Whale Watching and Wildlife Viewing in New England and the Mid-Atlantic
New England and the Mid-Atlantic coastlines offer the potential for exhilarating marine wildlife viewing experiences. Whether on the beach or on the water, if you see protected animals like whales, dolphins, seals, sea turtles, or Atlantic sturgeon, follow the tips below to keep the animals and your passengers safe.
How much space depends on the animal you are viewing.
- North Atlantic right whales: 500 yards or 5 football field lengths (required by law)
- Other whales: 100-600 feet
- Seals, dolphins and sea turtles: 150 feet
- Leaping sturgeon also require extra space to avoid injury to you and the fish
See a spout, a strange ripple at the water’s surface, aggregation of jellyfish, or another indication animals are close by? Slow your vessel to 10 knots or less (required for vessels 65 feet and over in designated areas) if you suspect they are nearby. If you see animals, use a no-wake speed until they safely pass.
Feeding marine animals puts them at risk of injury or illness if they approach people or boats too closely, become dependent on handouts, or eat something they shouldn't. Dependent animals can become aggressive. Feeding protected marine animals is also against the law.
In areas where you think animals might be, use caution. Keep a close watch for signs that animals are in the area, such as splashes, disturbances at the water's surface, or lots of excited sea birds.
Only cast or troll your gear when you're sure protected marine animals aren't near your boat. Dolphins, sea turtles, and sturgeon can be easily hooked or entangled by these activities.
Humpback whales create bubble clouds as one of their feeding strategies. Getting too close to these bubbles is dangerous for you and the whales, since they aren't likely to notice you're there.
Visit our partnership program See a Spout, Watch Out for more tips on boating safely around whales and other marine life.
You can help save the life of a marine mammal or sea turtle in trouble by calling our New England/Mid-Atlantic hotline (866) 755-6622, radioing the Coast Guard, or contacting your closest authorized responder directly. Never enter the water or attempt to rescue on your own. This puts you and the animal in a dangerous position.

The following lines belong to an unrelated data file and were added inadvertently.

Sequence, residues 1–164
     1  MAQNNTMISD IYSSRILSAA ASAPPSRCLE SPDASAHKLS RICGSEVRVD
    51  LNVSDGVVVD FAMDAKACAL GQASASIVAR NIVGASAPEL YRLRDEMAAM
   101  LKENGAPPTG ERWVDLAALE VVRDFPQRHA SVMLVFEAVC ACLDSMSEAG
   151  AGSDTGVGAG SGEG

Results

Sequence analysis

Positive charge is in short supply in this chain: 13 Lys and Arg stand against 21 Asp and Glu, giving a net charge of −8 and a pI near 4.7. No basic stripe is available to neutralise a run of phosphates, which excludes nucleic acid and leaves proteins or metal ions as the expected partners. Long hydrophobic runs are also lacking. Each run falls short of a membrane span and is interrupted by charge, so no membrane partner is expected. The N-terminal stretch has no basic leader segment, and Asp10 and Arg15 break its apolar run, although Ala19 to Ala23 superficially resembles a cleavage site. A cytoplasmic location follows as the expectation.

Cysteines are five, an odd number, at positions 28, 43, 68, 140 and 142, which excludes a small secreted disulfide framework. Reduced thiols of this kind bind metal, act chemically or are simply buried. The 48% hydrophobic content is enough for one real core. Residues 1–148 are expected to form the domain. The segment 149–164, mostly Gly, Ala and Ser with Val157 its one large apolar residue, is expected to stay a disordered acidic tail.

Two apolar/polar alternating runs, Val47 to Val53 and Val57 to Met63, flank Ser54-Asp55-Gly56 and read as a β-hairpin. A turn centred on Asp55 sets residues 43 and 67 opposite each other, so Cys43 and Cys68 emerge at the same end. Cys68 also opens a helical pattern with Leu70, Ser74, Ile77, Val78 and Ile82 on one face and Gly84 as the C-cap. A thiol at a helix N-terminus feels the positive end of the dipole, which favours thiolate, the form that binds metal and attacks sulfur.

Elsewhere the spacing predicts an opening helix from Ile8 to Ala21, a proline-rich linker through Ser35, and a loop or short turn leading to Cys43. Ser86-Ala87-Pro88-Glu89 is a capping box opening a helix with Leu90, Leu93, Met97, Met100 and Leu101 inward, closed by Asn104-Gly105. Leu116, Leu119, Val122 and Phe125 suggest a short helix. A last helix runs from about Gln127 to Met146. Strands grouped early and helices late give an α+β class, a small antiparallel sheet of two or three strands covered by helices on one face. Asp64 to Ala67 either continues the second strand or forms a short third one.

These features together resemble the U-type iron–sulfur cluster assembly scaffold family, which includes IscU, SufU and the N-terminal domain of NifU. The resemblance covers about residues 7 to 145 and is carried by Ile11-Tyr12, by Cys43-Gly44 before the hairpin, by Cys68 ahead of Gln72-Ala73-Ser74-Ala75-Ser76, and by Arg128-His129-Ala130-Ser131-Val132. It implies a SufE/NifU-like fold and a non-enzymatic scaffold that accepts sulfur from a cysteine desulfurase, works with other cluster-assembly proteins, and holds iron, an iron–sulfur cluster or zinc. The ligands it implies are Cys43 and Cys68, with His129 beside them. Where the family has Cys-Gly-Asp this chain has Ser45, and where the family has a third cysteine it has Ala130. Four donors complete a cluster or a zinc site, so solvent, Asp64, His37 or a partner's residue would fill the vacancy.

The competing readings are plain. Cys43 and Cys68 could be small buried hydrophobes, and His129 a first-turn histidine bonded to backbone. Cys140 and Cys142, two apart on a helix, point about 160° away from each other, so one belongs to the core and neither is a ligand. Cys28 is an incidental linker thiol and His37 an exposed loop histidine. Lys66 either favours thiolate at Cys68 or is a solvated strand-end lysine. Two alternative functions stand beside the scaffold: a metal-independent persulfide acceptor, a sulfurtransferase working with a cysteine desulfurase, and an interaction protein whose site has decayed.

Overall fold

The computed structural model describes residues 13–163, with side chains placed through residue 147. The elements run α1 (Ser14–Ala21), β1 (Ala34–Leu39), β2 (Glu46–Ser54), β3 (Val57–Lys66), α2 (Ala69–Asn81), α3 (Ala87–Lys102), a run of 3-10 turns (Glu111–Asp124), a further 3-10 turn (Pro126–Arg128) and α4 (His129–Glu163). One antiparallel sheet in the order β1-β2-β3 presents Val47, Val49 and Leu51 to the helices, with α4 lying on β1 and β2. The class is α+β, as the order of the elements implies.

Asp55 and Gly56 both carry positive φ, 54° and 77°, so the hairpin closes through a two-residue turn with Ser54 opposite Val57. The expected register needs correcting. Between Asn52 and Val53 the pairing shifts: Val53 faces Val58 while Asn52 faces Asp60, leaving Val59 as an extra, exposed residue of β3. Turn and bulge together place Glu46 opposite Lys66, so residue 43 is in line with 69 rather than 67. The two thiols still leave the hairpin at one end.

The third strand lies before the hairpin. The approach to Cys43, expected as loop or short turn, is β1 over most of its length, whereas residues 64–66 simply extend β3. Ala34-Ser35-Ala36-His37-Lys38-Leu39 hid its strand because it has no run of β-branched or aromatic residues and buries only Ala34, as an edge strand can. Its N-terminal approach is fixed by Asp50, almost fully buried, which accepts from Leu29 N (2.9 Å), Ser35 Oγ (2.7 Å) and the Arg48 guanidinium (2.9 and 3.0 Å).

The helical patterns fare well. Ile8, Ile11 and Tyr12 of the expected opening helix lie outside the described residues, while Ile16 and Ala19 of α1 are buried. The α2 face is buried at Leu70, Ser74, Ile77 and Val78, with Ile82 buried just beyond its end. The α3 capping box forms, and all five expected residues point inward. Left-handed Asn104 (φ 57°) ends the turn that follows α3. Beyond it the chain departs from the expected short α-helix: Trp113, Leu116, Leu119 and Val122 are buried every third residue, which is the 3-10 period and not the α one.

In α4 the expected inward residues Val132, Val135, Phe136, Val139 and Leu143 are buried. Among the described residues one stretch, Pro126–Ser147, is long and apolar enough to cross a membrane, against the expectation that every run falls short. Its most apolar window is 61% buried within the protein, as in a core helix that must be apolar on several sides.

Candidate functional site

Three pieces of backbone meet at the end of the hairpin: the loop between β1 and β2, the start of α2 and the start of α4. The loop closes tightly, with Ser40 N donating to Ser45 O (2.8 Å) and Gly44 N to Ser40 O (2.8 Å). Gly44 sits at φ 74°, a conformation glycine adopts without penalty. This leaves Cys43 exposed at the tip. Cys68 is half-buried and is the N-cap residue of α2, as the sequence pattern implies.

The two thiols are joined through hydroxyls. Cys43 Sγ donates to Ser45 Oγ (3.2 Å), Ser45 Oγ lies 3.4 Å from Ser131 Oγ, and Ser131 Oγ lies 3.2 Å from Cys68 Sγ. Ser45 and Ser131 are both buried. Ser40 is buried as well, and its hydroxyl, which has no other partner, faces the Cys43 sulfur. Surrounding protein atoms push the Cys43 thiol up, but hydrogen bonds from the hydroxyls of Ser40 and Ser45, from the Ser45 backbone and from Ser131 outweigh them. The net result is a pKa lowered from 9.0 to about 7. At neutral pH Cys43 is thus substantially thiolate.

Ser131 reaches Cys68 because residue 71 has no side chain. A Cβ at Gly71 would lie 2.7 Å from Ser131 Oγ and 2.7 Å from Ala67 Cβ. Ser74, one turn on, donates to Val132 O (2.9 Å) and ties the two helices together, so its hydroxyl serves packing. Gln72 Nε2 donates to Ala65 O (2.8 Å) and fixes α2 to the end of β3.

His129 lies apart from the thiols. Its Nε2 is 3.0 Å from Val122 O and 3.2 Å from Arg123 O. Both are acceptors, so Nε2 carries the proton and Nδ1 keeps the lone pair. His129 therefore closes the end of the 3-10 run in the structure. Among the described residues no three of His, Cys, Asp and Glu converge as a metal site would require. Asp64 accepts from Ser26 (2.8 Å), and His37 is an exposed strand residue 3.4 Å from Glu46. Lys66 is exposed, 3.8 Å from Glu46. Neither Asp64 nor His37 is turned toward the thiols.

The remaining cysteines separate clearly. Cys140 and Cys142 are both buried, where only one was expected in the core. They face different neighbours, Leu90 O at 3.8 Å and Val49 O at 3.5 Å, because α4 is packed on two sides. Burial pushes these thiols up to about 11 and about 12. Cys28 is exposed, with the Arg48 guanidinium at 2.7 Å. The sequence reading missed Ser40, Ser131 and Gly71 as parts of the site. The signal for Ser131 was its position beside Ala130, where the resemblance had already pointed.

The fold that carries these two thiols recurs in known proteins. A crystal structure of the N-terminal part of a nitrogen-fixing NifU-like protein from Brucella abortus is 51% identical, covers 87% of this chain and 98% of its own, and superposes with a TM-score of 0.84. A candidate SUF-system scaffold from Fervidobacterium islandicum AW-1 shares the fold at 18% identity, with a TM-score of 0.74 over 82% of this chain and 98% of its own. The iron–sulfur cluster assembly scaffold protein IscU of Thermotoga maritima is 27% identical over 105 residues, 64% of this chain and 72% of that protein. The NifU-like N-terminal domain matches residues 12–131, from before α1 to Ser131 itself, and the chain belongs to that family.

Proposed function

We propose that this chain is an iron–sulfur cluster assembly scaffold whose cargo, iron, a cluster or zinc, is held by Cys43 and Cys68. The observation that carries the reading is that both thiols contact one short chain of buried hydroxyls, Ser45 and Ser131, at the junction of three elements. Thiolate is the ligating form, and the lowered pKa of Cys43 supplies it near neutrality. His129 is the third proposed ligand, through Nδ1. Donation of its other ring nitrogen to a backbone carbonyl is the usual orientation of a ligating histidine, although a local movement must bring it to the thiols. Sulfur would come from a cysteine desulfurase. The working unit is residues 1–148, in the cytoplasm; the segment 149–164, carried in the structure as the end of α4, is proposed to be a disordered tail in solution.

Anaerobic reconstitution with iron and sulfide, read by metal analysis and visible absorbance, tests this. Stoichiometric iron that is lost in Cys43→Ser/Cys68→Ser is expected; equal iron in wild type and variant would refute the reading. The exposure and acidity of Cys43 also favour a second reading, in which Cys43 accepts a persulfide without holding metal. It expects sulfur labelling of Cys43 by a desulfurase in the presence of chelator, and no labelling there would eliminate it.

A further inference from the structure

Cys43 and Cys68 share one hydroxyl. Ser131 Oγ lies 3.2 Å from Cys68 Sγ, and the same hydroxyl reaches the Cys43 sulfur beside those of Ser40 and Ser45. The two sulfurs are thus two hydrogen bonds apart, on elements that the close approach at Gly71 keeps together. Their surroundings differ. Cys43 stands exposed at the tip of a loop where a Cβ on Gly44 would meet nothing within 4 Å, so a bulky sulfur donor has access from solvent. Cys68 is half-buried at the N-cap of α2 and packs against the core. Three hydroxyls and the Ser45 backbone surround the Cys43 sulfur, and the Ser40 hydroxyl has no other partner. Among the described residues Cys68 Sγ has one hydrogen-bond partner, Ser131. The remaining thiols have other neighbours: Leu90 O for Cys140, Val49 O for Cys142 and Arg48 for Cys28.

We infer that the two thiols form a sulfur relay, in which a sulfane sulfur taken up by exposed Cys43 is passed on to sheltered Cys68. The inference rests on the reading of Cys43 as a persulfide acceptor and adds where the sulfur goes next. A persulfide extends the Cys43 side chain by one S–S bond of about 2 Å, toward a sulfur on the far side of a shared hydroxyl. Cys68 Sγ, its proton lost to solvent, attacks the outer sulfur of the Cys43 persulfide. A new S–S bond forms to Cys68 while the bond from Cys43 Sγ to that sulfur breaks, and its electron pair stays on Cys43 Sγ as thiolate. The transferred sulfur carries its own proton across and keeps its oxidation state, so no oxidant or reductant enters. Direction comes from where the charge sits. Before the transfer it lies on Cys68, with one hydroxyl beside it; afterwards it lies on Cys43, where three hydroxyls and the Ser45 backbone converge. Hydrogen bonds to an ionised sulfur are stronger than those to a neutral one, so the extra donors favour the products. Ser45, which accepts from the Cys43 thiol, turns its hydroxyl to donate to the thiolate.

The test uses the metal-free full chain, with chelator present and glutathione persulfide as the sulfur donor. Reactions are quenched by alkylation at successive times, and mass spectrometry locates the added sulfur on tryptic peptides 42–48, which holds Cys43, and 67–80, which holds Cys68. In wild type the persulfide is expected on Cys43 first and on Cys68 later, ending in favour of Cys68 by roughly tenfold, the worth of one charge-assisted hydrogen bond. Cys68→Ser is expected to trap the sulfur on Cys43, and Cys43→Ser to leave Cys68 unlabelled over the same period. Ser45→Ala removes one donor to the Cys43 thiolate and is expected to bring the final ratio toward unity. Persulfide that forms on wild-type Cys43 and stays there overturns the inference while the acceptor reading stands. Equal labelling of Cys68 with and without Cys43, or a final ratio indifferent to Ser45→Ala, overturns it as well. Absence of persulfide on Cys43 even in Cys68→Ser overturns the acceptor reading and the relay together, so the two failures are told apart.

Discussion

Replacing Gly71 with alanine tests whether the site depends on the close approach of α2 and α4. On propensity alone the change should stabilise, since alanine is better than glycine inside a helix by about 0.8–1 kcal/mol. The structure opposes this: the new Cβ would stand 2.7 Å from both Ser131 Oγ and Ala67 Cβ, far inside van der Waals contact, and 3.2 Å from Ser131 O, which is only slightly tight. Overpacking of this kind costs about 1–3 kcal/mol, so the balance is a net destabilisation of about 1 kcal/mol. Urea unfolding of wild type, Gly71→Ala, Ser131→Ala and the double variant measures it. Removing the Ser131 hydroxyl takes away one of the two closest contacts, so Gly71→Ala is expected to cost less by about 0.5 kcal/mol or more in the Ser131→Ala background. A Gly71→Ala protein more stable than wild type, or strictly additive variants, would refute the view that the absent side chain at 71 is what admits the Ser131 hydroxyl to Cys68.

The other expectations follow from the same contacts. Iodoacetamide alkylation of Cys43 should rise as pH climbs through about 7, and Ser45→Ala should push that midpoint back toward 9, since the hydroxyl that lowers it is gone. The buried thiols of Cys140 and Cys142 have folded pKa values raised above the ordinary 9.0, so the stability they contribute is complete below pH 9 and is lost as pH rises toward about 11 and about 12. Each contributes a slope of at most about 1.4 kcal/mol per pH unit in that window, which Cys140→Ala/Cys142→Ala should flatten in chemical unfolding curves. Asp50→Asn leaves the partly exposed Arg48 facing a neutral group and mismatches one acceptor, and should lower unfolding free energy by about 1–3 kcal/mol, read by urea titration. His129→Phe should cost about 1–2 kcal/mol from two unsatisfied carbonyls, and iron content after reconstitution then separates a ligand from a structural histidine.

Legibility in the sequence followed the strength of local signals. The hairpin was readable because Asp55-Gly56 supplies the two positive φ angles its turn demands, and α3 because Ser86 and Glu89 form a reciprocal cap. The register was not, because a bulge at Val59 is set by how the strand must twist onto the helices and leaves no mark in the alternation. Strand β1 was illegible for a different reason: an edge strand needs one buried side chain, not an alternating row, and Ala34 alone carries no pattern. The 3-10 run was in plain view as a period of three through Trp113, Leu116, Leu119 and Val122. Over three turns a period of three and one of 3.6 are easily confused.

If your boat hits an Atlantic sturgeon, please call your state environmental agency to report the incident.
Photography and Video Tips
The best wildlife photography happens when animals feel safe and able to act naturally. Follow these tips to use get a good shot:
- Selfies with protected marine animals should never be attempted. They put you at risk of being bitten or injured, scare the animal, and violate the law.
- Use a telephoto lens or your zoom, fast shutter speed, and a polarizing filter so you can capture natural behaviors while maintaining a safe distance.
- For whales, the further away you are, the better you can capture the full size of the animal.
- By law, don’t use drones within 1,500 feet of right whales. Maintain at least 1,000 feet from other marine mammals and sea turtles since the shadows and noise from drones can scare or bother them.
- Commercial photographers and researchers may also require special permits.
Know the Law
Marine mammals (whales, dolphins, seals), sea turtles, and Atlantic sturgeon are protected by federal laws that prohibit people from harming or harassing them. If your behavior changes their behavior, that may be considered harassment. Following these safe viewing guidelines helps you follow these laws.
Please also know that if you are outside of the New England and Mid-Atlantic region, other restrictions may apply.
Your Choices Matter
Whether it’s your choice to go slow, call in a report, or choose a responsible whale watching tour, your choices help to protect these special ocean creatures for future generations. Give the animals space and respect, and you might be amazed by what you'll see.